A 10 Million Mile Message: Behind NASA’s Deep Space Optical Comms Laser
The optical communication system has successfully received "first light" after sending data by laser to and from far beyond the Moon.
On November 14, 2023, NASA received the first light from the new deep space optical communications (DSOC) experiment piggybacked on the Psyche asteroid probe. The Psyche mission, launched October 13, 2023, on a Falcon Heavy rocket, is headed to its namesake in the asteroid belt via a gravity assist from Mars. The DSOC is pioneering laser-based optical communication system for use in future deep space missions.
Artist’s concept of Psyche at its mission target. Image used courtesy of NASA via Wikimedia Commons
The DSOC system consists of a ground-based laser, a ground-based optical receiver, a laser, and an optical receiver on the spacecraft.
First, the Transition From Radio to Laser
Since Sputnik beamed a signal to Earth on October 4, 1957, radio has been the primary communication method between this planet and spacecraft. Back on Earth, much of our communications, especially high-speed data, has switched to optics over the last few decades. The highest-speed systems use solid-state lasers connected to optical fiber with modulated data. Fiber on earth delivers data on the order of 100 Gbs, while our robots on Mars eke out 0.5 to 4 Mbit/s, depending on the orbital locations of the two planets.
Comparison of radio frequency and laser communications. Graphic used courtesy of NASA
With DSOC, NASA is testing out what it hopes will be the future of high-speed deep space communications. Faster data does not mean that the data travels faster than 186,000 miles per second (300,000 km/s). Rather, it means that more data bandwidth can be encoded in near-infrared light than in MHz radio signals. Near-infrared is the optimal portion of the spectrum for the “first mile/last mile” leg of the trip because it is less susceptible to interference from the lower Earth's atmosphere. While data travel will still take the same time for the carrier, laser transmits 10 to 100 times more data over the same time period than radio transmission.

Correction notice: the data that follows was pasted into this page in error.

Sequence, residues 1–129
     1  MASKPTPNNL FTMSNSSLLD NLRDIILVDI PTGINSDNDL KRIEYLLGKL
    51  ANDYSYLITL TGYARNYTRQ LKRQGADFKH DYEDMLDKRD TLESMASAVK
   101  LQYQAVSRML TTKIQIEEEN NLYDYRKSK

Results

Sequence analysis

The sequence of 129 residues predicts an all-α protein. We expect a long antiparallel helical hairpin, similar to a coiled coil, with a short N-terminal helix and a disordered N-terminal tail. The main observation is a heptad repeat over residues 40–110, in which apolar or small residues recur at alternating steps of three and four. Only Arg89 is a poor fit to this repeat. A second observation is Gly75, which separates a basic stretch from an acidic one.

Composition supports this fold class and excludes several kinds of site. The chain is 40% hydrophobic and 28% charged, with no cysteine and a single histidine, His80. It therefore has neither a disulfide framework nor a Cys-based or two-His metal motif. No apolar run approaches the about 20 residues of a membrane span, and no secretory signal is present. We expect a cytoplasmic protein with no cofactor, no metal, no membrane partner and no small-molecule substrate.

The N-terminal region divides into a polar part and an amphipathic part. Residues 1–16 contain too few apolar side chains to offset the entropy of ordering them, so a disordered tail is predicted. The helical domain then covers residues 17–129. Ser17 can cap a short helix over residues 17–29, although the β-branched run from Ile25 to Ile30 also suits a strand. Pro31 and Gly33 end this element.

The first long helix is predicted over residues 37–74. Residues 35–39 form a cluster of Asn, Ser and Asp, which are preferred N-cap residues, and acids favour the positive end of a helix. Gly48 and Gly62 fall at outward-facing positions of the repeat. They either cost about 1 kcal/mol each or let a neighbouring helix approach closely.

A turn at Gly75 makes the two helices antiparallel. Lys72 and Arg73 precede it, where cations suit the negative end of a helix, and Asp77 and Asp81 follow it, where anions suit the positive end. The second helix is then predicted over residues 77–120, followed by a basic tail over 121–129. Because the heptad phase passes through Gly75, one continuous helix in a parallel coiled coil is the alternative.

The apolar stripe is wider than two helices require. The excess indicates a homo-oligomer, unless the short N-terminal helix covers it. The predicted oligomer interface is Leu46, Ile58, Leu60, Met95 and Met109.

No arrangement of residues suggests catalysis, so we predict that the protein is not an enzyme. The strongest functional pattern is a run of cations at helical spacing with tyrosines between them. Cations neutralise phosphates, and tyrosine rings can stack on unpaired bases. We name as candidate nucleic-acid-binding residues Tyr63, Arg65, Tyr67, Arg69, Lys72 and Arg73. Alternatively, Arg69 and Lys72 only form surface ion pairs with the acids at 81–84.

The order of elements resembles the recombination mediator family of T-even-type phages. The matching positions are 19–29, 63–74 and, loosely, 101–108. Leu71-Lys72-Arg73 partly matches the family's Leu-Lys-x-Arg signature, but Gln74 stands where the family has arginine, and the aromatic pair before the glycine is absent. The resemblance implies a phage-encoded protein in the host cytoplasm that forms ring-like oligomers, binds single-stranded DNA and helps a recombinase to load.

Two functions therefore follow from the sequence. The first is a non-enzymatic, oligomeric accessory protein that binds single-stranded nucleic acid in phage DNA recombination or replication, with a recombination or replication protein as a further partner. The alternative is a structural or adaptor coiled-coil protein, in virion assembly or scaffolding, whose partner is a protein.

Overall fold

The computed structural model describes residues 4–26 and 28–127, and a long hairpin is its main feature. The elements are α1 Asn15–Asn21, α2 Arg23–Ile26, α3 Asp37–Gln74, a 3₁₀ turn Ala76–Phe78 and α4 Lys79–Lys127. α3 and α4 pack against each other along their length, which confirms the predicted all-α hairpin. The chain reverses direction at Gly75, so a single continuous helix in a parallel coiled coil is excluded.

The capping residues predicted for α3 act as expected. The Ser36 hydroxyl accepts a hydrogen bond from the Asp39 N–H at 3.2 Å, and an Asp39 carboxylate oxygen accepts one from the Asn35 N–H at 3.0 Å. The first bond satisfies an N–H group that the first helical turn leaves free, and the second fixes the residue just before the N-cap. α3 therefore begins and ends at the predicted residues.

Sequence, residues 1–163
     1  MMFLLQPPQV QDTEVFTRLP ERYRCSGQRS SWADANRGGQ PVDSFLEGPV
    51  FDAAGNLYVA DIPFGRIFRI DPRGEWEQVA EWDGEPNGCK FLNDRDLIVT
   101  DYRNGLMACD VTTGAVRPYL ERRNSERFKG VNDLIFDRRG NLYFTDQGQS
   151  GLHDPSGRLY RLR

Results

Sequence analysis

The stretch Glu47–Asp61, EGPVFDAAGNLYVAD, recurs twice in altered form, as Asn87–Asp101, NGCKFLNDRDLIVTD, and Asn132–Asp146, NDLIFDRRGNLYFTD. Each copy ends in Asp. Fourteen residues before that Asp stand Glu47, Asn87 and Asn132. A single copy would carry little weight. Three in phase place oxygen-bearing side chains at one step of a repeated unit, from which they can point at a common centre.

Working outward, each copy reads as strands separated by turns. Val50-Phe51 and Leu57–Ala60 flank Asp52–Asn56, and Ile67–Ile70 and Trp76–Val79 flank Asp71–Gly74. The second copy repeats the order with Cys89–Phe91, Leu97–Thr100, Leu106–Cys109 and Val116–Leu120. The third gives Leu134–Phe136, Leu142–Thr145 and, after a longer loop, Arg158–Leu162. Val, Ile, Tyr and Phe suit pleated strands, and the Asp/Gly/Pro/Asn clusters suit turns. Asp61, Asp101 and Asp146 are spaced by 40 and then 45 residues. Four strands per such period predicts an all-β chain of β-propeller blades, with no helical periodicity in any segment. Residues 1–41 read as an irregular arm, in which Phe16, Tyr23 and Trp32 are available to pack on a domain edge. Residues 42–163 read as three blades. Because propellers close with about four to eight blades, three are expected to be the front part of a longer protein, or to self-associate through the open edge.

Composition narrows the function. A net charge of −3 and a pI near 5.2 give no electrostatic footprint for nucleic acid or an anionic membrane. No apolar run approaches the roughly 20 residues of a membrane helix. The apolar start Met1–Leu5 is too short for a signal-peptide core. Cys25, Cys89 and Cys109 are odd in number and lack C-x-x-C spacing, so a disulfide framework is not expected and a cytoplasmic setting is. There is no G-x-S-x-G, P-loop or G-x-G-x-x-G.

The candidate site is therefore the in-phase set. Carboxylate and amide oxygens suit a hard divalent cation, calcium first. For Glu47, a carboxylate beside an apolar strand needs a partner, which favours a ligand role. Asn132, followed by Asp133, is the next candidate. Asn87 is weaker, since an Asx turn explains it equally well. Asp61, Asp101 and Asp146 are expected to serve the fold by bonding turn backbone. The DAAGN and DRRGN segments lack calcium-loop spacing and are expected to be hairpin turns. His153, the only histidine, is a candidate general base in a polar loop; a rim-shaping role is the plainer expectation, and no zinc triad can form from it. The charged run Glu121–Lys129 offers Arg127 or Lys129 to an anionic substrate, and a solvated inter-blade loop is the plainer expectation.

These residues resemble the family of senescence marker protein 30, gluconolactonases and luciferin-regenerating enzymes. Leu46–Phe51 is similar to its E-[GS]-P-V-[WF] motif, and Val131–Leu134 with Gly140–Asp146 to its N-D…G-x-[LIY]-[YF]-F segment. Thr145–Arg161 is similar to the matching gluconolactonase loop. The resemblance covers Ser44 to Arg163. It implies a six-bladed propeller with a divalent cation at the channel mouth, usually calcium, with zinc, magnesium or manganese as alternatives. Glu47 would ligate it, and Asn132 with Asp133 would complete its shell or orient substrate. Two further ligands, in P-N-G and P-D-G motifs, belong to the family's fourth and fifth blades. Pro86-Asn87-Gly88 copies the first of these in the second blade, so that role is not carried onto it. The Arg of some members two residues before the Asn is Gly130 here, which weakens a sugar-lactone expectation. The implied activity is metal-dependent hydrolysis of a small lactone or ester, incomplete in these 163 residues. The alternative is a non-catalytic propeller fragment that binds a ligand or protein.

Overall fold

A High-Flying Transceiver
On the probe, the DSOC is a 25-kg package with a power budget of 75 W. It is equipped with an 8.6-in (22-cm) aperture telescope to both transmit and receive laser signals. Data is sent to Psyche from a 5-kw laser on a ground station at JPL’s Table Mountain, California, location. For this mission, the ground station sends low-rate data that the probe will use to fine-tune its alignment. DSOC uses a photon-counting camera designed around Geiger-mode avalanche photodiodes to pick up weak signals. The focal plane array detector simultaneously points, acquires, tracks, and communicates. The return signal from the probe includes high-rate data.
NASA's Psyche spacecraft with DSOC's integrated flight laser transceiver. Image used courtesy of NASA
A conventional light sensor produces electric current proportional to the amount of light that hits it. A Geiger-mode avalanche photodiode, on the other hand, will produce a signal when any of its cells go into breakdown mode. In optimal conditions, a single photon on one cell in an array can lead to the breakdown condition, thus creating a signal that can be easily amplified and decoded into digital data.
The downlink on Earth requires an even more sensitive receiver to clearly read the high-data-rate signal through the planet’s atmosphere. From 200 million or more miles away, the light signal is fairly weak. That’s where the superconducting nanowire single-photon detectors (SNSPD) come into play. SNSPDs are the highest-performing detectors in the ultraviolet to mid-infrared wavelengths. The SNSPD is used with the 200 inch (5.1 meter) Caltech Palomar Observatory in San Diego, California, 100 miles from the Table Mountain laser transmitter.
64-pixel superconducting nanowire single-photon detector array. Image used courtesy of NASA JPL
The SNSPD operates cooled to -458°F, or 1ºK. In that state, it is sensitive enough to not only detect single photons but also detect them fast enough to collect high-speed data. The superconducting detector is fast enough to determine photon arrival time within 100 picoseconds. This capability allows the detector to receive signals from the Psyche probe at its destination, 240 million miles (390 million kilometers) away. Despite its extreme sensitivity, the SNSPD can also detect large streams of photons without being oversaturated, allowing the sensor to be used for the entire mission.
More Laser Comms to Come
The next step in the experiment is to refine the algorithms to improve spacecraft and Earthbound alignment. The DSOC will be tested throughout the mission, including at the Mars gravity assist stage in 2026. Upon the probe’s arrival at Psyche in 2029, it will be approximately 20 light-minutes distant. It was only 50 light seconds away on the November 14 test, so it still has a lot of capability to prove, but so far, everything is going to plan.
Ultimately, NASA and its partners plan to use laser communications systems to deliver hundreds of Gb/s to terabytes/s in low Earth orbit (LEO) and multiple Gb/s throughout much of the solar system.